Each year, on the 6th of June, we pay tribute to a toy that has charmed generations and stood the test of time – the yo-yo. For more than three decades, this day has been officially designated as National Yo-Yo Day, a celebration that pays homage to this classic stringed plaything and its intriguing backstory.12

The Man Behind America’s Yo-Yo Obsession

The inception of National Yo-Yo Day is linked to the birthday of the late Donald F. Duncan Sr., a businessman from Chicago, who is credited with sparking America’s interest in the yo-yo. Duncan’s journey with the yo-yo began during a business expedition to San Francisco in 1928, where he observed Pedro Flores, an immigrant from the Philippines, skillfully using the toy. Flores had been marketing this toy under the name “yo-yo,” a term that translates to “come-come” in his native language. Sensing the immense potential of the yo-yo as a trendy new toy, Duncan swiftly acquired the initial rights from Flores and established Donald F. Duncan Inc. By 1932, he had obtained all of Flores’s assets, including the crucial trademark for the term “yo-yo”. Duncan remained the nation’s top yo-yo manufacturer until the trademark lapsed in 1965.3

The Fascinating Structure of the Yo-Yo

The yo-yo, while simple in design, is a captivating toy. In its most rudimentary form, it comprises a wooden axle attached to two wooden disks, with a cotton string looped around the fixed axle. More sophisticated models consist of a threaded steel axle and a ball bearing, linked to two precision-machined aluminum disks, and a polyester string looped around the ball bearing. The yo-yo is activated by a vigorous unwinding throw, which sends it spinning to the end of the string. By letting the yo-yo spin at the string’s end, various tricks can be executed. A quick tug or a bind then causes the yo-yo to rewind back to the hand, a process known as “yo-yoing.”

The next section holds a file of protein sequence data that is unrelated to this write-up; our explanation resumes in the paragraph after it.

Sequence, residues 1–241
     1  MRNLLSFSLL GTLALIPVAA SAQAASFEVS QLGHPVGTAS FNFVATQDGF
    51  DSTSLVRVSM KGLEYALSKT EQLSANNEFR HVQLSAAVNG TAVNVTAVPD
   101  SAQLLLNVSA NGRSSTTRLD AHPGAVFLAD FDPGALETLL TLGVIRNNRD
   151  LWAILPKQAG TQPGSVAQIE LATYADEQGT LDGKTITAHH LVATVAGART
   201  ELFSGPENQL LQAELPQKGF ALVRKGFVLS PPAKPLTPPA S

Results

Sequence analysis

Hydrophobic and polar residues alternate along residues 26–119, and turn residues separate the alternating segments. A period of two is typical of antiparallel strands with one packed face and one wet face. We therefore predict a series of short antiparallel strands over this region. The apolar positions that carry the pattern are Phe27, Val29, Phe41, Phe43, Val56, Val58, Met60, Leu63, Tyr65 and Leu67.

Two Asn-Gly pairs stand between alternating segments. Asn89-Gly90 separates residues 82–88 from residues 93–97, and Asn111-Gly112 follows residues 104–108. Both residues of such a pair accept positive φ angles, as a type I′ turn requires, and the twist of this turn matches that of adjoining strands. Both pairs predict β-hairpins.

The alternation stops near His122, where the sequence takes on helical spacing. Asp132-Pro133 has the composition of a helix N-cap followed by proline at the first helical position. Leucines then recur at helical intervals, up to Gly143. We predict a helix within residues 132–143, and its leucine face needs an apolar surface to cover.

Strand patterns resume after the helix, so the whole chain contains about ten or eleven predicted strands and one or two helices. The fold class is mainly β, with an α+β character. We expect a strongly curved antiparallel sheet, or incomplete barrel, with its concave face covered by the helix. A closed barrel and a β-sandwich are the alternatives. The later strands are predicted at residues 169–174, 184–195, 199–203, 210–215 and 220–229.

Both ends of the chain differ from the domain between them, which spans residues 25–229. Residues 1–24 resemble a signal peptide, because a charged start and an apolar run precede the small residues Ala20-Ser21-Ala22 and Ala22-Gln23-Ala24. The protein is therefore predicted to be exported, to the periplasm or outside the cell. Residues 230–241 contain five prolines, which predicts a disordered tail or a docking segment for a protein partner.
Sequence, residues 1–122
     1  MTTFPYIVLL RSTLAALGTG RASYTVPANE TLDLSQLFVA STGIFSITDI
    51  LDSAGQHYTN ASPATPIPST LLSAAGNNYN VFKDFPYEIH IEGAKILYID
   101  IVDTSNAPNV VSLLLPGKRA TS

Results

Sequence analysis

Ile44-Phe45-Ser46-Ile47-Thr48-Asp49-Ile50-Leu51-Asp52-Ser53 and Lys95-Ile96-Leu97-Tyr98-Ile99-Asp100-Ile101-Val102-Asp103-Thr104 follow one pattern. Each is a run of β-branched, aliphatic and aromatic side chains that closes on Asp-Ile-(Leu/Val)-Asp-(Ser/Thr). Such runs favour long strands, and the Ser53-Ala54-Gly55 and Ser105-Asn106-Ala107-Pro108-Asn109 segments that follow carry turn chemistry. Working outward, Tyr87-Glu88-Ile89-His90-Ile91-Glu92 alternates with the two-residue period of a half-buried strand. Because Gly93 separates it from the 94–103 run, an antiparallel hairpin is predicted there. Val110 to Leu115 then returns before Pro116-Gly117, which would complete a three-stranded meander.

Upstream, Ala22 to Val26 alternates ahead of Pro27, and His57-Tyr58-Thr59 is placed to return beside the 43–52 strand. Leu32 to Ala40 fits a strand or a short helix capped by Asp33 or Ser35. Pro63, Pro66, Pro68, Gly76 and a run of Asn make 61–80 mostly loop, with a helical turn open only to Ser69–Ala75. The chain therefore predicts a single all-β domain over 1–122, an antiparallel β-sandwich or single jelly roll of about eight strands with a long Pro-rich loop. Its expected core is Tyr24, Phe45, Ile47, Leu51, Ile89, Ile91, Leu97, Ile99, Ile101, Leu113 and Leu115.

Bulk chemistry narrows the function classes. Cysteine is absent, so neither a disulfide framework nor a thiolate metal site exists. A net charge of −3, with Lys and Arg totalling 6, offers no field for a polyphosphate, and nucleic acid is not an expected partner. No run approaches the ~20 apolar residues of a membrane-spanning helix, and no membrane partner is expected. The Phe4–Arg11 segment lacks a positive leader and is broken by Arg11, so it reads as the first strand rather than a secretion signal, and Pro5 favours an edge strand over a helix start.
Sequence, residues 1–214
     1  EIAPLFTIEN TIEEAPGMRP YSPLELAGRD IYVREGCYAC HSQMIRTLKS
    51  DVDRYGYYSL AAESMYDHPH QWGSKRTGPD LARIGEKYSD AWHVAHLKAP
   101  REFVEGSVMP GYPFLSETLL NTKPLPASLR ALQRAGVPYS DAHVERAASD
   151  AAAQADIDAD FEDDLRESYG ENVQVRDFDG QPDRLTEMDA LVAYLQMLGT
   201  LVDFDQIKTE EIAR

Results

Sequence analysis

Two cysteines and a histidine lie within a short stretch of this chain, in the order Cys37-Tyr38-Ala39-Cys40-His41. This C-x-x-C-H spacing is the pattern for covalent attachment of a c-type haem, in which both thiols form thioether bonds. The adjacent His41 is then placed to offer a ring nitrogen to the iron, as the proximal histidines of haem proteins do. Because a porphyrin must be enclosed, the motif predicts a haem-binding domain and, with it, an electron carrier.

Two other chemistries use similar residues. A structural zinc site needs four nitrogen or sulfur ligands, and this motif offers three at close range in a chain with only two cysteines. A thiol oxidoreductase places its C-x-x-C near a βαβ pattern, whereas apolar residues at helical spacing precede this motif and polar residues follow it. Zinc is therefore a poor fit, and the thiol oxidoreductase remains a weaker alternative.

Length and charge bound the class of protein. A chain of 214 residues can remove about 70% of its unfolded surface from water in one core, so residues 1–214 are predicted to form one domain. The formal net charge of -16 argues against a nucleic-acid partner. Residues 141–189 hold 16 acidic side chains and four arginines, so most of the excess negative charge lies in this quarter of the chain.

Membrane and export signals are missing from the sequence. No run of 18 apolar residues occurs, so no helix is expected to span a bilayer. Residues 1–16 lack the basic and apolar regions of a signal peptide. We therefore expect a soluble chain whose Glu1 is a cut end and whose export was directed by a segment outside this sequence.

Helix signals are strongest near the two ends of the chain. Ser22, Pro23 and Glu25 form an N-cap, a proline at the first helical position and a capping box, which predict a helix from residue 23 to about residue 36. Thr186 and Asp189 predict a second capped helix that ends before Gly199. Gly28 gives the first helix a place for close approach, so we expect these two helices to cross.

A Timeless Toy with a Rich History

The yo-yo’s history extends far beyond ancient Greece, with depictions of a boy playing with a yo-yo on a Greek vase dating back to 500 BC. The term “yo-yo” made its first appearance in a Filipino dictionary in 1860. In the present day, the popularity of yo-yoing is at an all-time high, with more people engaging in the activity and more competitions being held globally than ever before. This enduring pastime has successfully bridged the gap between past and present generations.4

Celebrating National Yo-Yo Day

Situated in Chico, California, the National Yo-Yo Museum marks National Yo-Yo Day with a host of engaging activities such as yo-yo demonstrations, guided tours, and the awarding of prizes and treats. Open all year round, the museum presents an extensive collection of yo-yos from different contemporary periods. The exhibits, which include contest awards, sweaters, and patches, weave a fascinating narrative of human creativity and progress. One of the museum’s standout features is an in-depth display that traces the development of the yo-yo from its traditional fixed axle design to today’s widely favored ball bearing axle.5


Who is honored on National Yo-Yo Day?

National Yo-Yo Day honors Donald F. Duncan Sr., a Chicago businessman who popularized the yo-yo in America.

Why are yo-yos called yo-yos?

The term “yo-yo” first appeared in a Filipino dictionary in 1860. It means “come-come” in the native language of the Philippines, reflecting the motion of the toy.

Who invented the yo-yo?

The yo-yo is an ancient toy that dates back to at least 500 BC in Greece. However, the modern yo-yo as we know it was popularized by Pedro Flores, a Philippine immigrant, and Donald F. Duncan Sr., who bought the rights to the yo-yo from Flores.

Reviewed by HolidayToday Staff

  1. https://www.si.edu/spotlight/yo-yo []
  2. https://nationalyoyo.org/events/national-yo-yo-day/ []
  3. https://www.uh.edu/engines/epi2796.htm []
  4. https://nationaldaycalendar.com/national-yo-yo-day-june-6/ []
  5. https://nationalyoyo.org/events/national-yo-yo-day/ []

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